Did you catch the three verbs that Luke used when describing the scene at the crucifixion? Jesus was scoffed at, mocked, and derided. They even hung a sign to further ridicule him: The King of the Jews. He didn’t seem like much of a king that day.
And what about today? Would most people call Jesus a king today? Or is this an outdated concept that some would now call Fake News?
You might be interested to know that Christ the King Sunday is not an ancient high holy day. It hasn’t been around forever. Back in the 1920’s, about 100 years ago, it was the Pope who thought we needed a special Sunday devoted to the kingship of Christ. Out of a concern for a growing secularism and rising fascism in Europe, Pope Pius XI was prompted to write an encyclical in 1925 instituting a new feast day and stating, in the language of his day:
“When once men recognize, both in private and in public life, that Christ is King, society will at last receive the great blessings of real liberty, well-ordered discipline, peace and harmony.” Unfortunately, the War to End All Wars was followed by a steady stream of wars and conflicts, and society is still awaiting these great blessings.
One hundred years later, we still find ourselves praying for the same thing – for liberty, peace and harmony. We’re still facing increased secularism and another rise of fascism. We’re still proclaiming that Jesus is Lord not only in our hearts, but over all that there is – seen and unseen, regardless of how things look. Pastors are still preaching that amid all our consumerism and politics, among income inequality and division, amidst this week’s food-laden tables and tent cities, Jesus still reigns.
What about in the halls of power? Does he reign there? In places of civil unrest, in Lebanon and Bolivia and Hong Kong? In the Impeachment Process this week? In the election year ahead? Or around your family dinner table this Thursday, you know, with those relatives you don’t exactly see eye to eye with?
Christ the King Sunday is meant to remind us that no matter how dire or crazy the situation is, things are not out of control or random or unknown to God.
Our Christian theology tells us that God is all-knowing, all-powerful, and all-loving. If God were any two of those three, then we’d have an excuse for when things go bad – “Oh, it’s because either God didn’t know about it, or couldn’t stop it, or didn’t care.” And yet, Scripture tells us that God clearly is all three of these. And yet, things are never like we wish they were, and more and more, it seems, there are more and more things to disagree about, or be anxious about, or argue about, or get upset about, and be in turmoil about.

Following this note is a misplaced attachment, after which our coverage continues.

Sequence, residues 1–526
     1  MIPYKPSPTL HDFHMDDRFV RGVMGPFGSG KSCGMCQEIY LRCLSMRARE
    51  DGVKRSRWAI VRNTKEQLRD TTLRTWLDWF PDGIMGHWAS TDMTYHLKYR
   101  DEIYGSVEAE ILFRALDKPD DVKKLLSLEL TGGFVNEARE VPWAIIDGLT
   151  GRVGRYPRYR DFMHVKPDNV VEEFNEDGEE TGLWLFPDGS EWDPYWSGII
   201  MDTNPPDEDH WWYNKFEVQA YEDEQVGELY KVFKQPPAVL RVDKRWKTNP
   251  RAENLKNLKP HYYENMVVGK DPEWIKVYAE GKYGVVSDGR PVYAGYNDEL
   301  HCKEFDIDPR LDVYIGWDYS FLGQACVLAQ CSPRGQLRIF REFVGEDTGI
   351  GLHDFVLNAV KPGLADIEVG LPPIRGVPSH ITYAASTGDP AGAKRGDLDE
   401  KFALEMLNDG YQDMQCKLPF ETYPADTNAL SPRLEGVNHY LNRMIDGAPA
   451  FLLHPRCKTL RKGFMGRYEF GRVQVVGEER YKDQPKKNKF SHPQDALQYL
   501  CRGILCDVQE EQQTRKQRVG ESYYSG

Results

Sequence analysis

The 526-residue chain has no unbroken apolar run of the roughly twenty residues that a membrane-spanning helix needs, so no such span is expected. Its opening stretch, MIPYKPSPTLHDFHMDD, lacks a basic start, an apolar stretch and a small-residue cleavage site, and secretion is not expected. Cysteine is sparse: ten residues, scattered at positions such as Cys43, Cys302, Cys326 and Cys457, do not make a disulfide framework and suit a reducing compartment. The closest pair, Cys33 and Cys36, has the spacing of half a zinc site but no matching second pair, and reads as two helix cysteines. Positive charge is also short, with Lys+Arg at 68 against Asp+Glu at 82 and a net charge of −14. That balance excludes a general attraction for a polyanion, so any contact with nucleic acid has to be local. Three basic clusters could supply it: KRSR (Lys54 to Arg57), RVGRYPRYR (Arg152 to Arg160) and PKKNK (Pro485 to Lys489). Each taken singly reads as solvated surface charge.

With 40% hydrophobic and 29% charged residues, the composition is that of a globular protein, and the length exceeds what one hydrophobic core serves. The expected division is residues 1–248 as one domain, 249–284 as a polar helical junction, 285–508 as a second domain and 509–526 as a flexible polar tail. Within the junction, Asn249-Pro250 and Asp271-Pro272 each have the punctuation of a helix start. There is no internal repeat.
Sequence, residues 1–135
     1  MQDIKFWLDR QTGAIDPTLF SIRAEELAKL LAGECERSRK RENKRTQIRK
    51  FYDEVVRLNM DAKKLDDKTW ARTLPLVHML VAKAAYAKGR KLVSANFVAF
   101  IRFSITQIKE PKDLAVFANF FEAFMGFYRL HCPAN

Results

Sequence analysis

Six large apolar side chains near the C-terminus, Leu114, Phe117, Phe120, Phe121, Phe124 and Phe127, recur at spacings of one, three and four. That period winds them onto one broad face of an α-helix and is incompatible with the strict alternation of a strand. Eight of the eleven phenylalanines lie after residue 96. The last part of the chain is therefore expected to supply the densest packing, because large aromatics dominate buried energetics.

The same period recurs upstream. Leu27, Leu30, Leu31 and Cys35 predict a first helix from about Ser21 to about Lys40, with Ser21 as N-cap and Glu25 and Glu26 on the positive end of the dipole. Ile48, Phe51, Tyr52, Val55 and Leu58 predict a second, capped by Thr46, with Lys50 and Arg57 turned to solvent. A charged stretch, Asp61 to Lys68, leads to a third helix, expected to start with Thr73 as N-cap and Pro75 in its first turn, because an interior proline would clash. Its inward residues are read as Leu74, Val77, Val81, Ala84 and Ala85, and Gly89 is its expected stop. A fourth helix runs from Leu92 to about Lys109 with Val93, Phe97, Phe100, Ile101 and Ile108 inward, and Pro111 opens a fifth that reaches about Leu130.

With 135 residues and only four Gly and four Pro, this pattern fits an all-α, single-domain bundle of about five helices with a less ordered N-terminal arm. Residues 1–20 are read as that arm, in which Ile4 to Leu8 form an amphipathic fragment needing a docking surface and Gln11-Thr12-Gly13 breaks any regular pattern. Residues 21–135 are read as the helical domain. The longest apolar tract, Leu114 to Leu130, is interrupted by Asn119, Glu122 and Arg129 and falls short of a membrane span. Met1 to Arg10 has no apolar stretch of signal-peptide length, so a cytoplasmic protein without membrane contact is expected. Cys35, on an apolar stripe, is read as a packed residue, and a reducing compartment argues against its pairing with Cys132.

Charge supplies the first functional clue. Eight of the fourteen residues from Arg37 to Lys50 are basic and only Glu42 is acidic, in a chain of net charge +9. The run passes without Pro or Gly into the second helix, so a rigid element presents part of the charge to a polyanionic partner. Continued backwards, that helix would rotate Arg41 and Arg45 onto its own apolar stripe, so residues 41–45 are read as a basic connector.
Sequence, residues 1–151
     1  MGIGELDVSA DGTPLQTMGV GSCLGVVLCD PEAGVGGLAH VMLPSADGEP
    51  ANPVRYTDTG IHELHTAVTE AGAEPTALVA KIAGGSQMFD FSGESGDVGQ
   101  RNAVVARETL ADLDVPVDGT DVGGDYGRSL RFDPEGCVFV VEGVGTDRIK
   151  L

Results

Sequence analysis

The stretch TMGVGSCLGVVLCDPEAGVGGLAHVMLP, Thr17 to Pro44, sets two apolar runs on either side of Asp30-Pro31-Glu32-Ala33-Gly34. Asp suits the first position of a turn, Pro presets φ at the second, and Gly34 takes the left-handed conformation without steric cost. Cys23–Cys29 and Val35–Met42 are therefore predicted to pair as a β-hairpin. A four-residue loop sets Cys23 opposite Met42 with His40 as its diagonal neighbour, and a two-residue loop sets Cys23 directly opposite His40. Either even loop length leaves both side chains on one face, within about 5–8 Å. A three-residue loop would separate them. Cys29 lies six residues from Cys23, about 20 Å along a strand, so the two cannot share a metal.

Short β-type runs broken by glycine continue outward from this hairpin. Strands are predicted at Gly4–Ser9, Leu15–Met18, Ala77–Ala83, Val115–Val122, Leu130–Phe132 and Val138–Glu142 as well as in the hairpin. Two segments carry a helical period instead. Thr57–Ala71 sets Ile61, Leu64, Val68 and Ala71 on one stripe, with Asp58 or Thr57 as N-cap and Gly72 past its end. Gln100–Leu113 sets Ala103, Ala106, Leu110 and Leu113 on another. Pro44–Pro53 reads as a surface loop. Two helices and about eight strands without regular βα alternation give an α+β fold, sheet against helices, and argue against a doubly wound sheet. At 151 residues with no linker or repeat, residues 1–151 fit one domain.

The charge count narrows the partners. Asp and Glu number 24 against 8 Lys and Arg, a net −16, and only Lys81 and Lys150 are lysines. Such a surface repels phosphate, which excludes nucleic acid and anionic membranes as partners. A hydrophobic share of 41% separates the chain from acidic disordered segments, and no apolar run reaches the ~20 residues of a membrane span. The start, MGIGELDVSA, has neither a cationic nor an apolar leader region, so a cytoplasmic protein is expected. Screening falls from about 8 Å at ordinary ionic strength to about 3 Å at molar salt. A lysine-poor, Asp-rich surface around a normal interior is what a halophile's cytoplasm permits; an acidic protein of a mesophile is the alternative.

Here’s what Presbyterian pastor Jill Duffield writes,
“No matter if you are anxious about the state of the world or worried deeply about a loved one, Jesus is present and offering grace. No matter if you are going to be surrounded by family and friends this Thursday, or working or eating alone, Jesus is present and offering the bread of life. No matter if you struggle with things you have done or things you have left undone, Jesus is present, extending forgiveness and empowering you to repent and try again. No matter what holds you captive – resentments, addiction, guilt, fear, or anything else in all creation – Jesus is present, will never leave you orphaned. Jesus understands your suffering and promises the gift of peace that passes understanding, because Christ the King is like no other.”
Here’s what this King does offer – it is no small thing, and it is something major that we all need to cultivate in our lives: He promises us his presence – in thick and thin, in good times and in bad, in times of plenty and in times of want, in joy and in sorrow, in sickness and in health…
His presence is meant to make all the difference, and I hope you have experienced this.
Here is another major thing – Christ often shows up in the guise of other people, and oftentimes you and I are those very people. He makes his presence known through you and me. That’s why when I tell you that we are Christ’s ambassadors, sent by God to represent him and make him known, that you have to believe me.
As we reach out to be his ambassadors, he is going along with us. When he’s with us, he empowers us, he works through us, causing our words, our actions, our good deeds, our acts of service to hold a deep and lasting influence, even after we’re gone.
It’s not fake, it’s real, and we get to be a part of Christ’s mission to a hurting world. If Christ is the King, or Lord of your life, you can expect him to lead you to places he wants to go, and you can expect him to use you in ways you’ve never imagined but he has imagined. He’s the King of Kings after all, and he’s not fake; in fact, he’s with you more than you know. Amen.